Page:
Recently when the Texas Peanut Producers Board invited me on a Peanut Blog Tour I jumped at the chance to learn about the field to fork process of peanuts.
They invited nine Texas bloggers to Lubbock to learn more about peanuts. Did you know Texas is the fourth largest peanut-producing state in the nation? To be honest, I didn’t even know peanuts were grown in Lubbock.
When I mentioned to my dad all I learned on the tour, he surprised me by saying his dad grew some peanuts on their farm growing up. Who knew!
We started the tour by checking in to the Overton Hotel. The rooms there are beautiful and cozy and close to the Texas Tech campus.
Wine, peanut butter, peanuts, peanut pattie, Slaton Bakery treats, to name a few. What a surprise and I’ve used practically everything in the box already.
Quick fact: Almost 90 million jars of peanut butter are sold annually.
Also in the box was a Peanut Butter Cupcake from a local bakery, The Ruffled Cup. As soon as I took a bite I knew I was going to recreate it. It was that good! (and here it is! – my own Chocolate Marshmallow Peanut Butter Cupcake)
That night we went to the Bayer Museum of Agriculture for a reception and dinner hosted by Visit Lubbock where we were treated to a genuine Chuck-wagon dinner.
I never get tired of Chicken Fried Steak so I was stoked when I saw this team cooking up one of my favorites.
We also got to hear great cowboy music and cowboy poetry. Very entertaining.
The Museum is a wonderful place to learn more about Texas farmers and their crops and equipment.
The next morning, we headed to Brownfield to tour Monty and Kathy Henson’s peanut farm.
There we learned all about how peanuts are grown. Did you know peanuts are not nuts – they are legumes.
I’m embarrassed to say I hadn’t even given it thought to how they were grown before the tour.
Rows and rows of peanuts are planted and the flowers bloom to show that peanuts are growing.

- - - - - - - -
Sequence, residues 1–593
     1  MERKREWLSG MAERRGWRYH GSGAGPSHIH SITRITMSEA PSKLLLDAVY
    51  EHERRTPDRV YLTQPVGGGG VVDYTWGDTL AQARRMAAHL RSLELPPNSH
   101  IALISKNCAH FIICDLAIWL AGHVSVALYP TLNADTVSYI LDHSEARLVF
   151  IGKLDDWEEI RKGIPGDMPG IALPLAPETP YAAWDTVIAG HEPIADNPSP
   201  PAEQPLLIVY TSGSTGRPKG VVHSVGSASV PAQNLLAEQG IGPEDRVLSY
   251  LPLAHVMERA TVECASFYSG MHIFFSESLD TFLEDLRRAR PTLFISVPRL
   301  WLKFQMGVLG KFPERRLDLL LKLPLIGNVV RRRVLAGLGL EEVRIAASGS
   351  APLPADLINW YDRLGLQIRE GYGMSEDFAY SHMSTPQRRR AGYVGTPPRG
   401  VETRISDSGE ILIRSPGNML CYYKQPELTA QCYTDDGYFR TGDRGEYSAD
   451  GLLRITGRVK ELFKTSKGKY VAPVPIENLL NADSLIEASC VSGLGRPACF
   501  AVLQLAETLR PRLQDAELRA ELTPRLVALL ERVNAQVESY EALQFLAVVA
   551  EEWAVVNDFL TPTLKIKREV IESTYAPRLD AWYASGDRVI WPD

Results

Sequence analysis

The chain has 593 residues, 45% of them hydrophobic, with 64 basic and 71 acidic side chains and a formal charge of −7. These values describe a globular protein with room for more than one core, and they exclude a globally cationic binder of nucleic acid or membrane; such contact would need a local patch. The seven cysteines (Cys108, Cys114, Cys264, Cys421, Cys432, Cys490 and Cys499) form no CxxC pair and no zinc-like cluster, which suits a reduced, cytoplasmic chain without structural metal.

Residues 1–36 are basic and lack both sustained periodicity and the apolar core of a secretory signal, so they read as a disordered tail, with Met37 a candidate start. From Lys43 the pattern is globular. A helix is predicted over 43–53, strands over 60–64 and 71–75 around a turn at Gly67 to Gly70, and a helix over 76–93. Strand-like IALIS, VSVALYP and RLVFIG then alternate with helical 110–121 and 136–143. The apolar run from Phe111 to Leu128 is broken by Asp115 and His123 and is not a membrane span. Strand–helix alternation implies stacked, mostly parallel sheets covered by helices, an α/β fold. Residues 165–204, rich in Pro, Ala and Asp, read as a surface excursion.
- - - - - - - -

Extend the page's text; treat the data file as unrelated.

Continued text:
The shrubs are pulled and turned over where the peanuts will dry for a couple of days. Then they will be gathered and off to the processing plant.
It’s fascinating. And the Henson’s are passionate about their peanut farming.
We then headed to Birdsong Shelling where we got to witness the entire process of shelling peanuts. Sorry, no pics allowed. Super secret stuff here folks. But oh I wanted to take some pictures so bad!
This Brownfield facility supplies peanuts for many large brands, including Mars, Hershey’s and Planters.
Our day continued on with a wonderful picnic lunch overlooking the Lost Draw Vineyards.
Yes, vineyards in Texas. And the wine was very good and they gained nine new fans, I’m sure.
After a brief respite, we ventured to McPherson Cellars for a tour of their facility.
The tour was followed by a scrumptious seven-course dinner from North Catering.
First Course: Cheddar and Peanut Bread with Duck Fat Infused Garlic Butter (I seriously could have bathed in this butter)
Second Course: House Rolled Spring Roll with Peanut Butter Siracha
Third Course: Buffalo Slider Ground with Boiled Peanuts on a Sesame Peanut Bread
Fourth Case: Radicchio Salad with Peanut Oil Chimichurri
Fifth Course: Fried Maine Lobster Tail with Boiled Peanut Sweet Potato Polenta and Bacon Gastrique (I could eat this dish every day)
Sixth Course: Ribeye with Roasted Peanut Mir Poix and Chimichurri Butter
Seventh Course: Peanut Butter Banana Bread Napoleon with Housemade Pistachio Gelato and Coffee Spun Sugar
Oh my. Every dish was peanut inspired and every single blogger left satisfied and happy.
You, too can experience some of the great food by this amazing Chef, Sarah North, by visiting The Pickle and the Pig in Lubbock. Do it.
The following day we had an intimate brunch at the hotel and heard from Kyla Hamilton of CommonGround.
Kyla and her husband along with their family own Hamilton Farms and Kyla shared with us her perspective of a farm mom.
We were also treated to some of her sweet corn and honey.
All in all it was a great tour and it was fun learning all about peanuts. Thank you to the Texas Peanut Producers Board for such an inspiring and informative tour.
Tomorrow I’ll share a recipe inspired from the Texas Peanut Blog Tour and you won’t want to miss it. I promise. (here it is!)
The Texas Peanut Producers Board sponsored this trip and blog post – all opinions are my own.